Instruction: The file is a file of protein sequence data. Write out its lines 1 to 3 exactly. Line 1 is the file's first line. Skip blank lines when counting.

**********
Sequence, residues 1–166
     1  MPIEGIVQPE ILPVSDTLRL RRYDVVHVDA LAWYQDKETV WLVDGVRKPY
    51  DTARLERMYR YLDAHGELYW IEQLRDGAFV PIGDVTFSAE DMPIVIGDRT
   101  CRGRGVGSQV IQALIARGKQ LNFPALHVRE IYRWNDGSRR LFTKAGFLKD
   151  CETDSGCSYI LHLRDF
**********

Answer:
Sequence, residues 1–166
     1  MPIEGIVQPE ILPVSDTLRL RRYDVVHVDA LAWYQDKETV WLVDGVRKPY
    51  DTARLERMYR YLDAHGELYW IEQLRDGAFV PIGDVTFSAE DMPIVIGDRT